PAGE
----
Common Sense Rules or Rules of God?
By Rabbi Rami Pavolotzky
Parashat Mishpatim interrupts the narrative of the Exodus from Egypt to introduce a long list of laws. The laws that come first deal with civil and criminal matters, considered by the sages as mitzvot sichliot (literally, intellectual precepts), or common-sense laws. They are called that because, according to the sages, these kinds of Torah laws could have been derived by intellectual and logical thinking, even if the Torah had not included them.
The first verse of the parasha introduces these laws. It says, “And these are the rules that you shall set before them” (Exodus 21:1). This verse could have started by saying “These are the rules,” but instead it begins by saying “And these are the rules.” Rashi reminds us that every time the Torah says “And these” it means that the following should be considered as an addition to what was said before. Right before our verse we find the Ten Commandments, so Rashi, quoting the Midrash, explains that, just as the Ten Commandments were given at Mount Sinai, so the laws of Parashat Mishpatim were also given at Sinai.
Rabbi Yitzchak Meir of Gur (Poland, 1799- 1866, the first Rebbe of the Ger Hasidic dynasty), asked the following question, it is a known fact that all the Torah laws were given at Sinai, so why then did the Midrash sages feel the need to explain that the laws of Parashat Mishpatim also were given at Sinai? His answer is that, although these laws are common-sense/intellectual laws and hence could have been derived by intellectual and logical thinking, their strength and power lies in the fact that they were given by God at Mount Sinai.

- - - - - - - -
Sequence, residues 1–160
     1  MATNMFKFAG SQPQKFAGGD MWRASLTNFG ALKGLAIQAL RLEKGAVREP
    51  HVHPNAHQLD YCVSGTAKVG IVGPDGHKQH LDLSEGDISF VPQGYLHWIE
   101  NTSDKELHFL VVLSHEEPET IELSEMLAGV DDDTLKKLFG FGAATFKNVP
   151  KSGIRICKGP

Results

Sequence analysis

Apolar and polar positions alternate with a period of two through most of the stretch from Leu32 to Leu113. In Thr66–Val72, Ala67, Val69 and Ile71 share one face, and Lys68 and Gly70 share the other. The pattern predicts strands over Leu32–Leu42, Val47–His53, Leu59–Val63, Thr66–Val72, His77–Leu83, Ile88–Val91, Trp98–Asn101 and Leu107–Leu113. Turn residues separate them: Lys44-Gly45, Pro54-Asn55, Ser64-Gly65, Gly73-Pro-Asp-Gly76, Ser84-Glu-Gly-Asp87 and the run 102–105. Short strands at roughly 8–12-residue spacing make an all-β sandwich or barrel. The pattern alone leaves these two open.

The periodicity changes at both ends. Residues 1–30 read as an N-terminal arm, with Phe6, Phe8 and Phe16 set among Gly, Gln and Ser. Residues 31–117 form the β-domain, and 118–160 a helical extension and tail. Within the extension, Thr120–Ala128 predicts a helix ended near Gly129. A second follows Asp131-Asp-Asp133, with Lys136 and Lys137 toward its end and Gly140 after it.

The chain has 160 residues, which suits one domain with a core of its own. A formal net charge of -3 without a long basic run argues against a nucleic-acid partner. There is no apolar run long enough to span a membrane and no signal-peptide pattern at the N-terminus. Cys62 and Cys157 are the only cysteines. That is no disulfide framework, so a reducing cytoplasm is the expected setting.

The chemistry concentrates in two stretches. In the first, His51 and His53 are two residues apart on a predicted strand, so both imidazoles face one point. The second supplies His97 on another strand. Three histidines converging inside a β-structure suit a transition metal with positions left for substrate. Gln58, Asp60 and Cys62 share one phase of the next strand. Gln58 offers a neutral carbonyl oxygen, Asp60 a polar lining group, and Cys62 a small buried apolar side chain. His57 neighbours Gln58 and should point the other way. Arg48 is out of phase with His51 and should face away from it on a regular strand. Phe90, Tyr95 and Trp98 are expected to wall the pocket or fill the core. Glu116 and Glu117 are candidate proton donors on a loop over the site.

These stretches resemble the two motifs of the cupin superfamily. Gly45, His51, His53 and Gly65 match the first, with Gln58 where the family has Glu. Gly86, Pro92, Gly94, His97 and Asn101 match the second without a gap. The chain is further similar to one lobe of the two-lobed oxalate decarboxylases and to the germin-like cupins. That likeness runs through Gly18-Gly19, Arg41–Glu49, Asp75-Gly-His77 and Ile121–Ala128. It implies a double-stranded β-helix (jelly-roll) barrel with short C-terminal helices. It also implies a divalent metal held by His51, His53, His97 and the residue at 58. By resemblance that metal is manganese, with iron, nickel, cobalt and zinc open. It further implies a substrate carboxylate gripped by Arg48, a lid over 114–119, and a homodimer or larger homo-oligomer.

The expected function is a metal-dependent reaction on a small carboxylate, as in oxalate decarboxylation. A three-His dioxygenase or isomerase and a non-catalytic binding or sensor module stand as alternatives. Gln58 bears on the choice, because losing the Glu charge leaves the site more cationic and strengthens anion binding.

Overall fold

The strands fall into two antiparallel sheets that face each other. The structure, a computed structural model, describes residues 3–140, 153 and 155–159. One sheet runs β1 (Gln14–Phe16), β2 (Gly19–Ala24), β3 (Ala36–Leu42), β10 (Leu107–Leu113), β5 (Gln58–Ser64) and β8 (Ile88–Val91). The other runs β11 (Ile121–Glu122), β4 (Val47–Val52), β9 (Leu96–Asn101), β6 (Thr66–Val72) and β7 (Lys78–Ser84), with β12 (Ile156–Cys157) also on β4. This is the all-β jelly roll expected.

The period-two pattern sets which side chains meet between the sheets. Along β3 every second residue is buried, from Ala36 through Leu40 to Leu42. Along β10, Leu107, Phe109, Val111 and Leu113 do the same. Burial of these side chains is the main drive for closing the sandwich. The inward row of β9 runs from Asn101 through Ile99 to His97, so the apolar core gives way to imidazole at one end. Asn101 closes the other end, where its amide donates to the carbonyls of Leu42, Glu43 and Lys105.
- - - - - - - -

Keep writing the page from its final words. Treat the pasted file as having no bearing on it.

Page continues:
Jewish law (Halacha) is a legal system similar, in many ways, to other legal systems you may be familiar with. It is a body of rules, obligations, and prohibitions that Jews are expected to observe, study, and interpret. Among these laws you will find that many of them are civil and criminal laws that benefit society, promote social order, and stipulate the rights and obligations of people. In this regard, many of these laws could have been derived by the rabbis or by other Jewish jurists, even if they had not been given by God. However, we especially revere and value these laws precisely because they are part of a legal system which we believe originates in God’s wisdom. We continue observing, studying, and reinterpreting these laws because we believe there is an eternal truth in them, a truth we long for and search for. May we be able to see a divine spark every time we learn or observe a Torah law!